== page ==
The writer knew Warren Downes Parker intimately. After the lapse of these many years there is still impressed upon his mind the genuine manhood of this great educator and leader of young men and women. It was the earnestness of Warren D. Parker that commanded the respect of all who came in contact with him. He was a man of the deepest sincerity, and every project that he undertook was carried to completion with an energy and perseverance that are seldom found in the ranks of educators. He scorned sham, decried evil, was frank and sincere in all his dealings with his fellowmen. He always shot straight from the shoulder in all his activities of life, and expected in return the same
straightforward, honest, upright dealings from others. These were the characteristics which have made his name one to be remembered by all those who came in contact with him in the educational world. At times his constructive criticisms may have been considered unjust, but as time rolled on we who had the good fortune to come under his guidance appreciated more and more their true worth.
Professionally Warren Downes Parker was a remarkable man. The teaching of boys and girls, the instruction of young men and women for the teaching profession, and the directing of educational affairs in the high offices which he held, have stamped him as one of Wisconsin's greatest men in the educational field. As a student he stood high in the scholastic ranks. No time was wasted in his academic preparation for the teaching profession. As a teacher he was a logical and forceful instructor. The young and old who had the good fortune to come under his teaching appreciated his thoroughness and realized that when he gave them a mark in their work, that mark was fully earned.
As Mr. Parker advanced in the teaching profession from that of an instructor of youth to the higher and larger work of preparing teachers, his great value to society became more apparent. In the instruction of teachers he conducted many institutes of short duration during the summer in both urban and rural communities. Then came his work in the River Falls State Normal School, devoted exclusively to the preparation of teachers. It was during his eighteen years in this institution that the greatest work of his life was done. The alumni of this institution are now scattered not only throughout Wisconsin, but over the United States, and many are in foreign countries. All of them realize and appreciate the great help this great man gave them in those days when they were preparing for life's work.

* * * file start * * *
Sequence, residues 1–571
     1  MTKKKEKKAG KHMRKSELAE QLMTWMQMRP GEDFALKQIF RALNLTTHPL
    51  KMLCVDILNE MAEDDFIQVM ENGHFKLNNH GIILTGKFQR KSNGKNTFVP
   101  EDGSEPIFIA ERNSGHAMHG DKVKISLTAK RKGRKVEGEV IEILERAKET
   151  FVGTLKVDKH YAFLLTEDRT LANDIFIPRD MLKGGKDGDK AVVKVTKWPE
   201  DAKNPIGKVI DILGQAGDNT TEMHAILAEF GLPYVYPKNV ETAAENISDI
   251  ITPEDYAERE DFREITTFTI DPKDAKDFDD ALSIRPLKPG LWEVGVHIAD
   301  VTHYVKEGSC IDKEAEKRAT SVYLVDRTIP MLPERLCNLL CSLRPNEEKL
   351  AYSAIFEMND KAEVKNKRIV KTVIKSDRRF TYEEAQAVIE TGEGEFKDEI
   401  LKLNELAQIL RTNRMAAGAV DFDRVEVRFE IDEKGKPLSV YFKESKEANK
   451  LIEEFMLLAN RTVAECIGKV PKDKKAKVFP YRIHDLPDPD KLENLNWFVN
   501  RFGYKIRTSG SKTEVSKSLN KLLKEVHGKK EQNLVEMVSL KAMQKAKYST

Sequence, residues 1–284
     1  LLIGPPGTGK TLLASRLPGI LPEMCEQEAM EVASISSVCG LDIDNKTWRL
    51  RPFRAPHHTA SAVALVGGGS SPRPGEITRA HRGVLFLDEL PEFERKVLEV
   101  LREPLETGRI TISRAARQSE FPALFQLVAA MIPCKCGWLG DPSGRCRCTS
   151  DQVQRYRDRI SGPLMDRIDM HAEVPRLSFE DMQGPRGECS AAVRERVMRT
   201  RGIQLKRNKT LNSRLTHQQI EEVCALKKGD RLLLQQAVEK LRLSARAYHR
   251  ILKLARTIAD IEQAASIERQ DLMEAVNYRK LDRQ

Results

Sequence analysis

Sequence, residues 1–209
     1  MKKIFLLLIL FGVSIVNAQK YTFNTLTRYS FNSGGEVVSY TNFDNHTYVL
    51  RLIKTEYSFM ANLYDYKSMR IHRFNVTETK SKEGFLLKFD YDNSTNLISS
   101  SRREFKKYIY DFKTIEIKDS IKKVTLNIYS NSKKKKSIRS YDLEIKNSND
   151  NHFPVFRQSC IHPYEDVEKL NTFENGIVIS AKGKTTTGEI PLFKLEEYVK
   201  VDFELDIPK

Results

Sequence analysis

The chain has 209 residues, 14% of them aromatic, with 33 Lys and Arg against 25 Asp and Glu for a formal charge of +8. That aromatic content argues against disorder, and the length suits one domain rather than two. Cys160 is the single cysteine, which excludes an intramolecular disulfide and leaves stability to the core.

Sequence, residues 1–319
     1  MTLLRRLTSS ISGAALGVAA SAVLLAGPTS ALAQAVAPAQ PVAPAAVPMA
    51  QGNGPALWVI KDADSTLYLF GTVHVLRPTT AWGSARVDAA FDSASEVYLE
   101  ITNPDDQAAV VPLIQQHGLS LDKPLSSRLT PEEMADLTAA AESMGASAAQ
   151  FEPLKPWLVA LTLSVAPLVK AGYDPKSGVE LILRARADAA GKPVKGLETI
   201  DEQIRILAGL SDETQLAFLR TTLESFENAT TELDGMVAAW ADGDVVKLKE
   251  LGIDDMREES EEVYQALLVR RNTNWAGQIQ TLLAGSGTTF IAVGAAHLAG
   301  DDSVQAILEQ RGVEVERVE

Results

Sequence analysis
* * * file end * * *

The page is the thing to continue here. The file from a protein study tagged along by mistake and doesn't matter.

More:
In his capacity as an inspector Mr. Parker's earnestness, zeal, and love of the truth inspired those who came under his
supervision. His criticisms were always constructive. We all know that like other professions the teaching profession is not without its deadbeats, and these are the only ones who in the entire life of Mr. Parker could be counted as his enemies; and this, of course, brings us to say most truthfully that "we love him for the enemies he made." Keen of intellect, experienced in the ways of the world, and knowing the teaching problem from its foundation to its highest accomplishments, Mr. Parker, though tolerant and kindly in his advice, dealt definitely and decisively with all camouflagers.
Warren Downes Parker loved the profession of teaching dearly, and nothing of an outside nature was ever allowed to interfere with his growth in educational work. We find that in his early days he became a member of the Masonic Lodge, completing the Knights Templar degree. On his return to Madison in 1902 he withdrew from the Masonic lodges and took no further interest in this work. His religious belief may be summed up in the creed of the Universalist church. Though not a religious enthusiast, no man ever lived a more moral life than Warren Downes Parker, and his standards of conduct were of the highest.
Attesting these strong traits of character here indicated, and in proof of the lasting results of Mr. Parker's life work, was the honor paid him and his good wife on the occasion of their golden wedding anniversary, August 26, 1919. Unknown to either, the former students of Mr. Parker and the faculty of the River Falls Normal School united in the celebration of this day by a substantial gold contribution which was presented to the couple at a surprise function given in their honor in one of the beautiful estates of Pasadena. More than four hundred congratulatory messages were received on this eventful day from all parts of the United States-all of which formed a well deserved tribute to the good deeds of these good people.